I had been using a skillful form of procrastination: I was been doing things I don’t mind doing rather than doing things that are hard or that are important. For awhile this was ok: I still needed to complete the things I don’t mind doing. Eventually, though, I was getting really far behind on the hard and important things. I needed a solution.
My solution so far is to gamify my activities. Its based on achieving so many points per week. I assign a point for every minute of the day. Most minutes get 0 points for now. Some minutes get assigned positive points in the following way:
- 5 points for everything important I hate doing
- 3 points for important things I don’t hate doing
- 2 points for everyday chores I don’t like doing
- 1 point for everyday chores I like or don’t mind doing
- 1/2 point for staying organized and doing chores or important things I love doing
What I was doing before was spending no time on 1 and 2, some time on 3, and most of my time on 4 and 5. Not to mention fun things, sleeping, eating which I give zero points for. Now if I spent 30 minutes on cooking I get 30 points; 30 minutes shovelling snow is 60 points; 30 minutes helping my kids is 90 points and 30 minutes dealing with financial stuff is 150 points.
Once I had that system, it was pretty easy to measure my points in a day. I have a little spreadsheet to do it but you can use a paper pad or pretty much anything to do so.
The hard part of this is determining what is a win under this system. My first goal was a win would be 1000 points a week. It’s pretty hard to get that doing activities with 1-2 point activities; you need to really focus on 3-5 point activities.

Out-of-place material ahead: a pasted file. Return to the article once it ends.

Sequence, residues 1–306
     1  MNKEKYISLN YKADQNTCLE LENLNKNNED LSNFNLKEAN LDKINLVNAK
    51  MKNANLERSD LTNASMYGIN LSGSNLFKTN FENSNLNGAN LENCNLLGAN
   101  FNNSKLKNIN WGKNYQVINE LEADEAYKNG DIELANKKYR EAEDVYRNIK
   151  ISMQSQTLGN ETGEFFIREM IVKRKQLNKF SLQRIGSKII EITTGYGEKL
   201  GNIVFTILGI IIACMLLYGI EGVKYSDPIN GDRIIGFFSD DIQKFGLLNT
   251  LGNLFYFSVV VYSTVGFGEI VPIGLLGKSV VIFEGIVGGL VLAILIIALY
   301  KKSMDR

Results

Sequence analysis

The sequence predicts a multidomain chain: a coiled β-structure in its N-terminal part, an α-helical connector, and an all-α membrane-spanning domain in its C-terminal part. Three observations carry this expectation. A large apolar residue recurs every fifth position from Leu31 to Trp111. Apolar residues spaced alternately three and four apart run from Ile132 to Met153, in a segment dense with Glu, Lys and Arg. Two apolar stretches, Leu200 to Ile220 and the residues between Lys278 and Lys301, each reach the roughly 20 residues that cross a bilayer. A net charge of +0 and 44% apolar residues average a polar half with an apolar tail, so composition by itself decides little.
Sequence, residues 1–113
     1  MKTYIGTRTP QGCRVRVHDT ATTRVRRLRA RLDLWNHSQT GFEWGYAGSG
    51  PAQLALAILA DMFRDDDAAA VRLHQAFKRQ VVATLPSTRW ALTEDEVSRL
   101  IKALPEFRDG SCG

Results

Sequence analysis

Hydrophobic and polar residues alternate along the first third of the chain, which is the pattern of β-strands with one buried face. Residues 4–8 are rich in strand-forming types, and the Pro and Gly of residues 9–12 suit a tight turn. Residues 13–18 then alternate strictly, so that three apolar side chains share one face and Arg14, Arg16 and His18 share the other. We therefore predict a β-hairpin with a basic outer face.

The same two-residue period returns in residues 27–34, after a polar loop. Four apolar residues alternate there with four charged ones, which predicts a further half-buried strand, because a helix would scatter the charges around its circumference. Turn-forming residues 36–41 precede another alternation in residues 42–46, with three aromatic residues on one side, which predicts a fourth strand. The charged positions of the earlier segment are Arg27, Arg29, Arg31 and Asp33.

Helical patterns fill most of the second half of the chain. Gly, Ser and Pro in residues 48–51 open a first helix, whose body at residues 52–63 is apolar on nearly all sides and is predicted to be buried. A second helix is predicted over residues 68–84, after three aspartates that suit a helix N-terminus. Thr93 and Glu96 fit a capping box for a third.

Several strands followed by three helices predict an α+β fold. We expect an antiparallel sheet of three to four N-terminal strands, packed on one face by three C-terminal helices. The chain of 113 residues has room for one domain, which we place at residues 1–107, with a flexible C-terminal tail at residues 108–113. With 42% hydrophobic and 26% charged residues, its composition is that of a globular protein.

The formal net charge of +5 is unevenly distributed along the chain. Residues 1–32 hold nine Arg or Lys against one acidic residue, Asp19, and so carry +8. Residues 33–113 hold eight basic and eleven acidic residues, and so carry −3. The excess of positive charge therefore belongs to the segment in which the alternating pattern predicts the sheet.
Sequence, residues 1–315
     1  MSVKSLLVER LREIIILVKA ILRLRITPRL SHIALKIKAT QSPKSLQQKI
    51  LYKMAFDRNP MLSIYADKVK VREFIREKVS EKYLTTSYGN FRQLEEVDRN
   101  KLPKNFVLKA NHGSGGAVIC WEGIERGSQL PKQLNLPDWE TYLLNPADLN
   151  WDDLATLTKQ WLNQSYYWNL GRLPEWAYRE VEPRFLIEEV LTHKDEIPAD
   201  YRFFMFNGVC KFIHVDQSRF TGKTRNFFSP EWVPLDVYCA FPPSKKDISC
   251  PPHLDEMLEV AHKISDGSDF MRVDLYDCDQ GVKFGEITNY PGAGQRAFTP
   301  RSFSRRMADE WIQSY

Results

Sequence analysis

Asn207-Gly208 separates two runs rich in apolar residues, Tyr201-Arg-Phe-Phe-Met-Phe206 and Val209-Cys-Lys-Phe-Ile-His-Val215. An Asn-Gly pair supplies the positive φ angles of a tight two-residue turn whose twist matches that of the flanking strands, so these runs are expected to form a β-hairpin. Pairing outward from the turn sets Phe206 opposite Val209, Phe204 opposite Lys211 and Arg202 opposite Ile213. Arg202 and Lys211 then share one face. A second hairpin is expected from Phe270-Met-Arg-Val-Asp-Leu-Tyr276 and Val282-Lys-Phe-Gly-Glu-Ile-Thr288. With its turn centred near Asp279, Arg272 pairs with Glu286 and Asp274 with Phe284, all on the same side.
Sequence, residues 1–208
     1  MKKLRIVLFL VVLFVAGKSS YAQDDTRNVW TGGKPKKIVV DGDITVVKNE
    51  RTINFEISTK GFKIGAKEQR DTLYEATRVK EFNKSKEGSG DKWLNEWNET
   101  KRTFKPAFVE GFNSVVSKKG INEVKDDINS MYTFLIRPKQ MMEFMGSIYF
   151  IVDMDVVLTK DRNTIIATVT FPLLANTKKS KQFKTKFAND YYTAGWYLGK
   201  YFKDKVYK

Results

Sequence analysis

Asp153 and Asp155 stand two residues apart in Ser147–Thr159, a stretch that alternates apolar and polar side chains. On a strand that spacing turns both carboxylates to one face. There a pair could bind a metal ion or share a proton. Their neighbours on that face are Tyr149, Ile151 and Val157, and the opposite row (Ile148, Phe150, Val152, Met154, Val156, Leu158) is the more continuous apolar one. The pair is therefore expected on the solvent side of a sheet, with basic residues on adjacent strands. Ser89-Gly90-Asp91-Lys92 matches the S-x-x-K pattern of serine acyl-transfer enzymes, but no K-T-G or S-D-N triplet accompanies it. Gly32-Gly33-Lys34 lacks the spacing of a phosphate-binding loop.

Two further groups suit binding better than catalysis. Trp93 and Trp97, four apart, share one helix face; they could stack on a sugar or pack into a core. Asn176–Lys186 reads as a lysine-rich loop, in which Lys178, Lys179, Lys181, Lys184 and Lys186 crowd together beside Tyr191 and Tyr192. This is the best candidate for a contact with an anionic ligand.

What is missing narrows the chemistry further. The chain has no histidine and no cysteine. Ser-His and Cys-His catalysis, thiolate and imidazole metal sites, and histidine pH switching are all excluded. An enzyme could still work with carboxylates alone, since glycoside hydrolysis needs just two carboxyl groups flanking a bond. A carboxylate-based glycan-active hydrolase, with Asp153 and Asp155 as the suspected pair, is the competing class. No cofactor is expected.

In my first week I got to 1000 points by Thursday. So I decided on a different approach. 1000 points would get my Bronze level. 1500 would be Silver Level. 2000 would be Gold. Platinum would be 2500. The idea is that Bronze should be hard but achievable, Silver should be a stretch, and Gold should be an occasional win. Platinum should be rare.
It’s been successful once I calibrated it that way. The weeks I get the most important things done, they correspond to medals. The weeks I slack off lead me to get a DNF (Did Not Finish). I pledge to do better the next week. (Unless I am vacationing or sick: then a DNF is perfectly fine.)
The next hard thing: what is the benefit of winning? At first I tied physical rewards to point amounts. That might work for some people. It even worked for me for awhile too. Eventually I just found it satisfying to see there were weeks when I was getting important things done. That in itself was a reward, the win.
Overall gamification of my life has resulted in me getting the most important things done. I recommend it for people who like games and/or are stuck.
P.S. you are thinking this is like the idea of putting the big rocks in first, you are right!
For more on gamification and apps that can help you, see this: 9 of the Best Apps to ‘Gamify’ Your Life.
(Image via https://xkcd.com/2679/)